by Evelyn Pyburn- For the Yellowstone County News
A survey to establish need and analyze the market potential for a proposed housing project for seniors in the area of eastern Yellowstone County has been completed and details of the study were reported to Yellowstone County Commissioners on Tuesday.
The project was also one among two proposed for further funding under the Community Development Block Program (CDBG), for which a required public hearing was also held on Tuesday before the County Commissioners. An earlier grant helped fund the market analysis for the seniors housing proposal.
Jean Ott, a member of the Huntley Project Senior Housing Committee, submitted the request to build a combined senior housing and senior citizens center in the vicinity of Worden to serve the broader area of Huntley, Custer, Ballantine and Shepherd. The project would likely be built by a private investor. Details are to be presented at another public hearing.
The second project requested for consideration of a CDBG grant came from Nic Talmark, President of the Lockwood Pedestrian Safety Council. Talmarck said that the council needs funding for a master plan that will establish priorities for projects in building pathways and trails for pedestrians and bikers in Lockwood. He too will present more details at a second public hearing, at which time commissioners will vote whether to forward the proposals for grant requests.
Sara Hudson, Community Development Project Manager, who has overseen the Huntley Project Senior Housing study, said that with the completion of their study, they will hold an open house for prospective investors to present the information.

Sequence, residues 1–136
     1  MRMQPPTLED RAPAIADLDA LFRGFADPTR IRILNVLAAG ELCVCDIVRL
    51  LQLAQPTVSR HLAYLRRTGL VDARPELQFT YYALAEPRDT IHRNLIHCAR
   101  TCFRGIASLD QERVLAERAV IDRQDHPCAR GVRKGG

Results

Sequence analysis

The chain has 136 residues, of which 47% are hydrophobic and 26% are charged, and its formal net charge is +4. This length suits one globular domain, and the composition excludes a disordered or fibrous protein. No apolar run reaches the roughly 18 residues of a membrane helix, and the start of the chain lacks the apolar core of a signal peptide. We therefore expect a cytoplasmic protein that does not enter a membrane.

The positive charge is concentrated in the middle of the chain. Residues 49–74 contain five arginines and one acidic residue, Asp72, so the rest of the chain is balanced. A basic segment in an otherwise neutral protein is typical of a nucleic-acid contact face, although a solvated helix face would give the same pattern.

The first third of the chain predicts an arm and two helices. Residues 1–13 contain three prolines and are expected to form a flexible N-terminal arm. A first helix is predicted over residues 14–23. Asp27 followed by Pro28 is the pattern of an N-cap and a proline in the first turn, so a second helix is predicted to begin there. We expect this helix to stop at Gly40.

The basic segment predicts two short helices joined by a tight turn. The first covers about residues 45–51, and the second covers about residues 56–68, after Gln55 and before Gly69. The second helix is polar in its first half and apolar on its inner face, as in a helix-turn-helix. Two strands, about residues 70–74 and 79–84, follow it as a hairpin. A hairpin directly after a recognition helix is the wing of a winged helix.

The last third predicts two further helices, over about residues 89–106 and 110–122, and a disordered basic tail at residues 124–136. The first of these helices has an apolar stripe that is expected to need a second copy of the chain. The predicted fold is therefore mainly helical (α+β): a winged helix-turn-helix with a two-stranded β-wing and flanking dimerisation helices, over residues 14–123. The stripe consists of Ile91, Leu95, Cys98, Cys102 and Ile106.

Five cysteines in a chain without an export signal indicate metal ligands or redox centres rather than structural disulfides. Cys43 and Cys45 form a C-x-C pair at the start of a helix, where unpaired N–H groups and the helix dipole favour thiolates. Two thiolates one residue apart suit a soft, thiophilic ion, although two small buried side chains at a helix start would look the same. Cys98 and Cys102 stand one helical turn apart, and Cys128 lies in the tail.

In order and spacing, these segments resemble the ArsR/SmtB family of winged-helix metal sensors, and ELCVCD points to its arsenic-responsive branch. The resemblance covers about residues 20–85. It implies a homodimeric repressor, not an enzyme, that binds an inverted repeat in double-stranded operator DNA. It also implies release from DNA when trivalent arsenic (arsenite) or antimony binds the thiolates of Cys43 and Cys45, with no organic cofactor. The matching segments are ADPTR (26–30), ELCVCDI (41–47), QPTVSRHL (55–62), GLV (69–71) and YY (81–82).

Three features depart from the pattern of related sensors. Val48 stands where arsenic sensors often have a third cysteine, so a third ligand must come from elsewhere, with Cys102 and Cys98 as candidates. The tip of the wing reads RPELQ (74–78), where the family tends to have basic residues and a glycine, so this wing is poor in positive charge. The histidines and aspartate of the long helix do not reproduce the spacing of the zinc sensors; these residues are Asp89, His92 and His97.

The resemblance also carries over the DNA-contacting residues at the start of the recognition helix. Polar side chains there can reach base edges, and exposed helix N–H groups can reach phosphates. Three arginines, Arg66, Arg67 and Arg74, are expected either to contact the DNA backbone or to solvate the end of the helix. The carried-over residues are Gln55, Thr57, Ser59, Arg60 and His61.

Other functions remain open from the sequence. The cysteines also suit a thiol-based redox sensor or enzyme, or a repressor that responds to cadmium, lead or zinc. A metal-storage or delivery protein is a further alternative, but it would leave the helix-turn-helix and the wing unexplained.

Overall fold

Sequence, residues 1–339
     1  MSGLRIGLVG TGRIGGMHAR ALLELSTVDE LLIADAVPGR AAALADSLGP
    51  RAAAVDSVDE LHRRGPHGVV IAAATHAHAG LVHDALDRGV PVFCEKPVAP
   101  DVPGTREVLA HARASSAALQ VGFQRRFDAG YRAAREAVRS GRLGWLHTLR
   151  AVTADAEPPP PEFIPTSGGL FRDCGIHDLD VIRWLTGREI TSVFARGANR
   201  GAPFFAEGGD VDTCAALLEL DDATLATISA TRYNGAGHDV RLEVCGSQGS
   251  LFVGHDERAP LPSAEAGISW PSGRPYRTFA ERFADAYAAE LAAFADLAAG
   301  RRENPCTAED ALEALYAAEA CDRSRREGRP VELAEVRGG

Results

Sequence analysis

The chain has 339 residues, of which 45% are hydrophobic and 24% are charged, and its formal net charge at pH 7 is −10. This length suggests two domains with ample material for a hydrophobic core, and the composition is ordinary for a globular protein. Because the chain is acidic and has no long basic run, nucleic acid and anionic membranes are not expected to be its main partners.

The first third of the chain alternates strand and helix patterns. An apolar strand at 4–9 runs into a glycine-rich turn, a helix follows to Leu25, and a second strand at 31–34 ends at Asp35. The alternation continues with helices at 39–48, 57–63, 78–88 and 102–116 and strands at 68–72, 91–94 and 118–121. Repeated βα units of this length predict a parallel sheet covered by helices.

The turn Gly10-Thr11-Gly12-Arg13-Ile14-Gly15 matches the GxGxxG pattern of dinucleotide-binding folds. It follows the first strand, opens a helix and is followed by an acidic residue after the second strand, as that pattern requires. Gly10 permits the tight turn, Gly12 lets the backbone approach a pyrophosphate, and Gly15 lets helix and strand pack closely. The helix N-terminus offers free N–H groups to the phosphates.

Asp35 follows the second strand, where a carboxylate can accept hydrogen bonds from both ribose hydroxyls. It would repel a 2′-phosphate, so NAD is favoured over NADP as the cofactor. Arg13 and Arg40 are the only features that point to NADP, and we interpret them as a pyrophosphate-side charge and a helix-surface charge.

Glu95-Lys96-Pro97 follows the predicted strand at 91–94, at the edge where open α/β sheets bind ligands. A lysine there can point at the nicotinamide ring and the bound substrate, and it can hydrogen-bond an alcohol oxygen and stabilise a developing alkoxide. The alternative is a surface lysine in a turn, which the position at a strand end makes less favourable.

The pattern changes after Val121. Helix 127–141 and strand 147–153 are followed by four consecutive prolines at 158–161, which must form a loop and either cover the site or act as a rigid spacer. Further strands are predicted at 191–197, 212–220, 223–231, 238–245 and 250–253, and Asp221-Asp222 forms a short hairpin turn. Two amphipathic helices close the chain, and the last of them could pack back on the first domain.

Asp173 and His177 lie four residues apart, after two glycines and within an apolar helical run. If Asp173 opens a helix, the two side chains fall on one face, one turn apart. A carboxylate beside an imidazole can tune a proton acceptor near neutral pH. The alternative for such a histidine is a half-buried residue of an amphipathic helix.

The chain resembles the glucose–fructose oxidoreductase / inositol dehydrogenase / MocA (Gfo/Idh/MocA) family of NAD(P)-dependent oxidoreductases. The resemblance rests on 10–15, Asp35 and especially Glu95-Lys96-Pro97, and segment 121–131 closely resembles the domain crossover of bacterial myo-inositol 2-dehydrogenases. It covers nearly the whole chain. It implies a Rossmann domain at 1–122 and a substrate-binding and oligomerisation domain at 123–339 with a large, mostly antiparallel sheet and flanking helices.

Kim Olsen, whose firm O2 Architects, conducted the feasibility and market study for the senior housing project, reviewed the results saying that there does appear to be a need for affordable senior rental housing in the area, along with a facility to provide for social gatherings and perhaps meals. It’s been demonstrated, she said, that seniors with such living conditions live longer.
The population of seniors in the rural Eastern Yellowstone County is three times that of the “baby boomer” population. There are more people over the age of 50 than under, and 681 are over the age of 70. Most of them are single persons, and most of those are women. There are no rental units available to them, unless they move into Billings.
There is a high percentage of homeownership among the seniors either stick built homes or mobile homes. In fact, 45 percent of all the mobile homes in the county are located in this area. Many of the homes are costly to maintain and difficult for a senior to maintain and drain meager resources. Less than one percent of the available housing in the area are rentals.
Because of the rural nature of the area, automobile ownership and the ability to drive is a necessity. There is no public transportation. Seniors without automobiles and living alone are often isolated.
The average income for seniors in the area is $13,830. Based on the rule-of-thumb that affordable housing is a third of a person’s income, an affordable home for this group would cost $58,000. The median price of a home in the area is $189,000 and the average listing price is $250,000.
The study also focused on the importance of a center which is conducive to social interaction. That is necessary, said Olsen, for a stable rural culture. A possible solution would be to incorporate a housing project with the community center which would include a kitchen, which could help supplement the nutritional needs of seniors in the community.
Olsen said that further analysis is needed to complete the market study to determine what price would make the project appealing to a developer. She recommended a 20 unit project with the potential for expansion “to begin with.”